7. Mix Mentos with Coke. Over and done with. This should be a school requisite.

8. Watch an animated series (Batman, Superman, Justice League, X-Men, etc..). Cartoon Network helped with these. And then there are others like Ben 10, My Little Pony, Wakfu, Gravity Falls, and the list goes on.

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9. Visit your state or nation’s capital. Visit the museums there. Okay, we’ve been living in Singapore for a good 10 years and we have more or less visited the museums here twice. We still have to visit the Istana though.

10. Play a video game all the way to the end. Uh-huh. Let’s see, there’s Halo 5, GTA-V, Fallout 4, Titanfall 2 and Castle Crashers. At least from recent memory.

11. Build a model. We have built Gundams. Lots of Gundams.

12. Make a paper aeroplane or newspaper boat. Seriously, it is a sad childhood for anyone who has not made a paper aeroplane and flew it. A paper boat maybe not so much, but parents please, teach your children to fly paper aeroplanes.

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13. Play a Table Top Game. We tried our hands on The Walking Dead but ended up buying the Star Wars X-Wing Table Top game.

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14. Attend a Comic/Game/Toy Convention. We did. And Matthew ended up loving it. We’re going to attend this year again.

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15. Build something crafty. Once upon a time, we got lost and ended up in Playeum. Here, Matthew was introduced to the wonders of a glue gun.

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16. Wear a Costume. Yeah, I had to don the same, but we made it through the night without getting caught!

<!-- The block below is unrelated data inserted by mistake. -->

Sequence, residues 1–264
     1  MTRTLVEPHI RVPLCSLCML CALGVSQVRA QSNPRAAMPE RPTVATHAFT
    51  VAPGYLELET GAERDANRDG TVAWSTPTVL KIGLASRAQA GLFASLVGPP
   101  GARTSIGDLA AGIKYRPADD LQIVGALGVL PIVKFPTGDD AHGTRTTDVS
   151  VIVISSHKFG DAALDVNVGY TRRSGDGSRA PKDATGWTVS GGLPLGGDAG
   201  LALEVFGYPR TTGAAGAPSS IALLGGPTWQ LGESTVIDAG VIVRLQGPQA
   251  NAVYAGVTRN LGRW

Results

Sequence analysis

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17. Program a Drone. This is the primary reason he got into his school of choice. Drones.

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18. Experience Virtual Reality. During the time that VR is just jargon, we managed to attend an exhibition that had a small VR booth set up for learning (rather than playing a game).

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19. Build a Robot. Yeah, it was just a kit. But isn’t a robot, a robot?

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20. Be an Eco-Warrior. There was one time I brought home extra garbage bags, gloves, and tongs from a beach cleanup that we did with my colleagues. Inspired, Matthew invited us to do the same. And we went to Pasir Ris Beach to clean up, much to the surprise of the people that saw us there.

We probably made half the list and that really isn’t enough. The world has become digital now. Children are always on their mobile phones or tablets playing games or watching videos. There aren’t enough of them going out to play with their friends anymore. There aren’t enough of them riding their bikes around town or going to the beach. Even as we try to bring our children out to do more things, these appliances always draw them in. We need to teach our children how to find balance in their lives because they are moving in a much faster pace than we did. And this may make them unprepared to manage the expectations of a very demanding world.